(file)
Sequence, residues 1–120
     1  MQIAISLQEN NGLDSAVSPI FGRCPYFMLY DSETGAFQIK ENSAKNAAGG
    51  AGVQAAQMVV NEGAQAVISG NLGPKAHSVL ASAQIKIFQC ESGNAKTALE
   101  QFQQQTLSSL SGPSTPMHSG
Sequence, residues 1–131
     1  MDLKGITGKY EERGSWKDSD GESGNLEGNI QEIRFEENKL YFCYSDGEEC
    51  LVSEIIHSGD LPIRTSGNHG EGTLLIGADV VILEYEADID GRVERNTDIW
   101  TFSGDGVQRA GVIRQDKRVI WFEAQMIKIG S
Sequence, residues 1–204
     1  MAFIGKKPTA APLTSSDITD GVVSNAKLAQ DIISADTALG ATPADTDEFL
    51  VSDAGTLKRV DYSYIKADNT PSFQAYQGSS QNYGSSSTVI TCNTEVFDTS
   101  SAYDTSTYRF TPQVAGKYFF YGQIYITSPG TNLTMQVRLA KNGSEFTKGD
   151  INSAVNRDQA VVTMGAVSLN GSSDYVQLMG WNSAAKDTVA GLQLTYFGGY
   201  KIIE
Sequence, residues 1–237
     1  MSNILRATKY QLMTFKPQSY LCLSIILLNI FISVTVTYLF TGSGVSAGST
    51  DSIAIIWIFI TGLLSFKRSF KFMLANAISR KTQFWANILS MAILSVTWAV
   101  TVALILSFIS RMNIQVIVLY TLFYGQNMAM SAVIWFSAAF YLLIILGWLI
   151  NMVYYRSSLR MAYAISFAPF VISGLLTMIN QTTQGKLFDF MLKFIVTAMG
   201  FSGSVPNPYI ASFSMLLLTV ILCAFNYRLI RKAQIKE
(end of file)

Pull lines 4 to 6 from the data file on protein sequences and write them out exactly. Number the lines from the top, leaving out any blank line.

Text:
   101  QFQQQTLSSL SGPSTPMHSG
Sequence, residues 1–131
     1  MDLKGITGKY EERGSWKDSD GESGNLEGNI QEIRFEENKL YFCYSDGEEC